Sites for the disabled flunk access tests

More than half of the disability Web sites in a U.K. survey failed to meet accessibility guidelines--meaning they cannot be used by some of the people they aim to support.

Tech Industry
More than half of Web sites run by disability organizations are failing to pass accessibility tests, according to a survey--meaning they cannot be used by some of the very people that they aim to support.

Last week, leading e-commerce Web sites were pointed out by the U.K.'s independent Disabled Rights Commission for failing accessibility tests. However, many members of the online community may well be more surprised by the findings of the Disability 50 survey conducted by communications consultancy Ethical Media.

Ethical Media tested 50 leading disability Web sites against the Web Content Accessibility Guidelines (WCAG) set out by the World Wide Web Consortium (W3C). The guidelines were established to ensure that people with disabilities, such as those with visual impairments, would still be able to access the Internet.

While such organizations are meant to follow the same rules as the majority of e-commerce sites, it could be argued they have a greater moral obligation to comply with these standards. Yet 58 percent failed to achieve the W3C's compulsory compliance level, the Ethical Media study found.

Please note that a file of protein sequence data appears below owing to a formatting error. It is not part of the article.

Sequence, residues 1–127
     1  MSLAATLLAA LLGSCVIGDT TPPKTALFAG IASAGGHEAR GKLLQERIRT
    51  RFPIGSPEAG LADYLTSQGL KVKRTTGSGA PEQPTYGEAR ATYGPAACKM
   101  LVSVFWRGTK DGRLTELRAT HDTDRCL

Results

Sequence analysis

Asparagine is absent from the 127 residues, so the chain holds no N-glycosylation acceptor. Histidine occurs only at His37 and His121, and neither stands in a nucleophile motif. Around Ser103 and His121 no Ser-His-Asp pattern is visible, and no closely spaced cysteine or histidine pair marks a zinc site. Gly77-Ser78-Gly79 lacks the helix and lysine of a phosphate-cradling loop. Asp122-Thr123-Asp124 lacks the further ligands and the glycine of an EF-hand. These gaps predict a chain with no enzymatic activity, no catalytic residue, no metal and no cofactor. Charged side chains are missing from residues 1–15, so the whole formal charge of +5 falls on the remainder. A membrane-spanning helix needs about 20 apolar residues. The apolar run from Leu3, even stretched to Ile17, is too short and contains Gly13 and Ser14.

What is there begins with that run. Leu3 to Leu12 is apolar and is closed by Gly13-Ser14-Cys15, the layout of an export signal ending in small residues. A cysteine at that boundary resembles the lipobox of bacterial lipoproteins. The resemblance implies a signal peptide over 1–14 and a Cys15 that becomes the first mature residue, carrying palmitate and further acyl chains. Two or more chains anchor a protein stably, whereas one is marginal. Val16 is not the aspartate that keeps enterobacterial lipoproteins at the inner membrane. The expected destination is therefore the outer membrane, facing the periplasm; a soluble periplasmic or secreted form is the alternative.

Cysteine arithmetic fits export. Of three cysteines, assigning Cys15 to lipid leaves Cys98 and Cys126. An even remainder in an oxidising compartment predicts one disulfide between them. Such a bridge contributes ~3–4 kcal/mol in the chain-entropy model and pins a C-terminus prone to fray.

While these sites are clearly not meeting the needs of their users, they are also failing in the important role of leading by example, according to Paul Sternberg, the managing director of Ethical Media.

Sternberg said those organizations that fail to achieve basic compliance also risk serious damage to their reputations and risk undermining their own good causes.

However, Struan Robertson, an associate solicitor at information technology law firm Masons, said a major difference between sites aimed at the disabled and the e-commerce sites exposed last week is funding.

"Financial resources would have to be taken into consideration," he said. "The Disabled Rights Commission itself has stated that financial resources will be a factor in determining what changes should be made to a site."

If a disability organization's Web site received a complaint, Robertson believes a court would be unlikely to decide it had the necessary financial resources available to create high-level accessibility functionality for its site and that the organization was therefore remiss for not doing so.

A number of sites, including , , the and the were singled out for praise by Ethical Media.

Close
Drag
Autoplay: ON Autoplay: OFF